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Burning Questions of the Year

In the 2016-2017 school year, I noticed a problem: the singleton articles of the week that I was using were not producing the degree of knowledge-building that I wanted. Like Kelly Gallagher, who created the article of the week assignment (in this post, I explain my journey with Gallagher's assignment in-depth), my goal with articles of the week has always been primarily about knowledge-building and secondarily about increasing the volume of reading and writing that my students do. After all, when we don't know things, we can't read things, we can't think critically about things, and we can't learn as quickly. (This knowledge-building emphasis, by the way, is why Gallagher and I spend next to no time grading these assignments — in grading, purpose dictates method.)

That's why I became bothered last year at how poorly my students seemed to be gaining an understanding about the issues presented in the articles I would give them. I gave one article on the Paris Climate Agreement, and on the following Friday I asked my students to conduct a pop-up debate around this question: Is there hope for the planet's environment? The debate was not good — students who were well-versed in pop-up debate by this time put forth indecipherable arguments, and the most cited text was not the article of the week — it was the movie WALL-E. Months later, I gave students an article about the latest North Korea missile test. Again I found myself with spare time on that Friday, and students seemed particularly interested in the topic, so I let them pop-up debate about this question: What should be done about North Korea's steadily improving and internationally condemned missile and nuclear programs? Despite the student interest and despite an even bigger list of pop-up debate experiences and lessons to draw upon, I found again that my students were largely incapable of good argumentative work. There were plenty of “fire and fury” ideas, but there was little evidence of the deep thinking that I'm after.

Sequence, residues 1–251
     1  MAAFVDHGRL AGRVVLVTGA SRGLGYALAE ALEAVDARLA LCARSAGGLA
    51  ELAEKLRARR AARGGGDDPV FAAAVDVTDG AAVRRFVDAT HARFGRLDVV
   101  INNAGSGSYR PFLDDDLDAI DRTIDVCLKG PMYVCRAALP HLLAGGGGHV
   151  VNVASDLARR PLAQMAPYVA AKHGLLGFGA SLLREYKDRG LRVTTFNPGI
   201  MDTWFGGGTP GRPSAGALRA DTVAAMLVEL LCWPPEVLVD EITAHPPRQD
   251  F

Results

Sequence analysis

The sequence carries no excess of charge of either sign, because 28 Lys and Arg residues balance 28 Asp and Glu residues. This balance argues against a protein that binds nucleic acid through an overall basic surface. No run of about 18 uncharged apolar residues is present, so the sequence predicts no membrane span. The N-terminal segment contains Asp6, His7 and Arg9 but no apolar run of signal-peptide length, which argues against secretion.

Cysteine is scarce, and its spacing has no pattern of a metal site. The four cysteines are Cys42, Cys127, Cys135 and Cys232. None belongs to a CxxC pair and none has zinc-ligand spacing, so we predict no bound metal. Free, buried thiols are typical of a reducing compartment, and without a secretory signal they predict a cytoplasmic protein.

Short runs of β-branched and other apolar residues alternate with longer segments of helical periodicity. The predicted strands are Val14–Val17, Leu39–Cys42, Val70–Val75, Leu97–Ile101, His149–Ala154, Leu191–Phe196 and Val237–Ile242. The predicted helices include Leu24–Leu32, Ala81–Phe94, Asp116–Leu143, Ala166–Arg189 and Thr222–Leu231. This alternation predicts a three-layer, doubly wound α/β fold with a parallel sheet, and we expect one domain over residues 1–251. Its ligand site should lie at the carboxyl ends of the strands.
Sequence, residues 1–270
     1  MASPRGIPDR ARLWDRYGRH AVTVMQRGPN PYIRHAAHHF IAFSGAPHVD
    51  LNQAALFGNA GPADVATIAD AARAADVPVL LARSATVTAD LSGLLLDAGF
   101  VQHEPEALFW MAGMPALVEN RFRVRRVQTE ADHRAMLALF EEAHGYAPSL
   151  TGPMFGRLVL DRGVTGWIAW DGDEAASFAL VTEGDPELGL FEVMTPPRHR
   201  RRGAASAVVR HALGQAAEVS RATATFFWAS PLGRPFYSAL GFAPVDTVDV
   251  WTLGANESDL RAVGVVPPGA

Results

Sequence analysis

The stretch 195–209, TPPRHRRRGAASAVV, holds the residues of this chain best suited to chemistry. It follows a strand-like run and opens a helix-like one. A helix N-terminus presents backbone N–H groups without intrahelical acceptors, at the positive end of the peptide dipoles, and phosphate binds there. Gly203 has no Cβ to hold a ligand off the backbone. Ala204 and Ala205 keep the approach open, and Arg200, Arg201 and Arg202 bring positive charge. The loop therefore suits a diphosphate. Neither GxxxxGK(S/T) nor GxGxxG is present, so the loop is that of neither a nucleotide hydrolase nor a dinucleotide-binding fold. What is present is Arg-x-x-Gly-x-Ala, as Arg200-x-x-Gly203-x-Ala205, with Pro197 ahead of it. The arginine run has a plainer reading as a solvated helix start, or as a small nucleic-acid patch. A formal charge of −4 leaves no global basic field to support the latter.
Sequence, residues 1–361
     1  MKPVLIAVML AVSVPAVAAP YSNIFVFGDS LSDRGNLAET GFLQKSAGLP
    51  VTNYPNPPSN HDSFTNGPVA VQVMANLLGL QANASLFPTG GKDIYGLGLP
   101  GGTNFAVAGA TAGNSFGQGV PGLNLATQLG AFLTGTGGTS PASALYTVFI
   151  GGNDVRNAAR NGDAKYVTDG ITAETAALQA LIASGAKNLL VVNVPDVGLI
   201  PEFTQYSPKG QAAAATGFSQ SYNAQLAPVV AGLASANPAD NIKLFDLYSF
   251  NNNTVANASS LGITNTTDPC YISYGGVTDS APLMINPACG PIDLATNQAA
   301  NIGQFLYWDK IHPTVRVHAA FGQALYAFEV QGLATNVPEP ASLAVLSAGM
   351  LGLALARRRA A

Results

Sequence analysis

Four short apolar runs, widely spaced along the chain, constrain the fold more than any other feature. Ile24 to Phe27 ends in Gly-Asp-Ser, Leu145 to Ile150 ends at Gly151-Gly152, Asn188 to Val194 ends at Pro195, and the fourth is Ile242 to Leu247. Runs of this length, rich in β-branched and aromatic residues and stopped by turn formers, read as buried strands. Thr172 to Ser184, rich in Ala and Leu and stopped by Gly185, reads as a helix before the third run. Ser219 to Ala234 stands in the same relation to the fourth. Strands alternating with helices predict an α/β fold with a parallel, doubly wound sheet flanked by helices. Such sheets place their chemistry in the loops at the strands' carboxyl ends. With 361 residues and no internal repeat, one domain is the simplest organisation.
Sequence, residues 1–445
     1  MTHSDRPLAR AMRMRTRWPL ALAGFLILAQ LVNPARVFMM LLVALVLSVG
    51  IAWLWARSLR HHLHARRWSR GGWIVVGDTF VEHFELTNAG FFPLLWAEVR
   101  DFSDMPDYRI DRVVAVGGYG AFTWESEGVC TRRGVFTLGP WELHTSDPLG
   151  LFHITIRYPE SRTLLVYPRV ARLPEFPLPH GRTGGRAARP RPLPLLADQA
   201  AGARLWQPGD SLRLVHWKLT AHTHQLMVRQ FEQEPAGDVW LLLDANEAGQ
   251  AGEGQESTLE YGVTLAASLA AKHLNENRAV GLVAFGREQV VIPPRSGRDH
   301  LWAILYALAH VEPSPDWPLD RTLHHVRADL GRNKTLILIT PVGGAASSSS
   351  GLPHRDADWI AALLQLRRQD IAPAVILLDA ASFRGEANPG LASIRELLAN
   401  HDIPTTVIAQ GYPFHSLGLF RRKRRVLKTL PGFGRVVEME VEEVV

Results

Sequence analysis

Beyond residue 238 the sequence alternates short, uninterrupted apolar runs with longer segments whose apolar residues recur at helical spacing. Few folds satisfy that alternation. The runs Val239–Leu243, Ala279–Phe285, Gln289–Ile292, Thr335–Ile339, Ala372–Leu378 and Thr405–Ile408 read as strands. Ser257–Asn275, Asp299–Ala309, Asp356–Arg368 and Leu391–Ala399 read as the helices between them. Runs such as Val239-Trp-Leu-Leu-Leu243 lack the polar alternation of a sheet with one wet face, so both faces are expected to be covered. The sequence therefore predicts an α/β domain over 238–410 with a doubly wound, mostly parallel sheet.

And then I started doing research for the knowledge-building chapter in the book I'm writing, and I started coming across this concept of topic immersion, particularly in the writing of E. D. Hirsch. As Hirsch explains, “A good way to induce fast vocabulary gain for young children (for whom so much is new and unfamiliar) is to stay on a subject long enough for the general topic to become familiar” (the full article is here). Initially, I thought, “Oh, that's an interesting approach for young children — maybe I could use that with my own kids.” But then I thought back to those pop-up debates, and it hit me: with issues as complex as the planetary environmental issues and the world's roguest nation, my students are like young children for whom so much is new and unfamiliar. To help my students gain a truly working knowledge of these big, contemporary issues, I needed to give topic immersion a spin.

So, that's what this page is about — my first foray into what I'll call Burning Questions of the Year (BQYs). I'll still be keeping my AoW page going because periodically I'm sure I'll want to give my students a singleton article, and I'm sure there will be more than one week when Monday morning will come and I'll frantically head to Kelly Gallagher's article of the week page to grab something I know will be great. Importantly, I plan to dedicate the same minimal amount of time to this initiative — about 15 minutes on Monday to get kids into the article, supporting them as needed with the nine moves, and about one pop-up debate per month on that Pressing Question of the Month series' driving question.

Be in touch with questions, help, or advice: on Twitter, @davestuartjr; on email, dave_at_davestuartjr.com.

Goals of BQY

  1.  Primary objective: Build knowledge and increase curiosity, engagement
  2. Secondary objectives:
    1. Increase amount of writing students do (250 words x 40 weeks in school year = 10,000 words of reflective, responsive, readable writing)
    2. Increase amount of reading students do (2 pp. average per week x 40 weeks in school year = 80 pp. of informative or argumentative writing per year)
    3. Increase amount of debating students do (1 pop-up debate every month = 9 pop-up debates per school year)

Constraints (to keep BQY from taking over my curriculum)

  1. Instructional time costs must be minimal:
    • 15 minutes on Monday to introduce / hook into the week's article (5% of my week)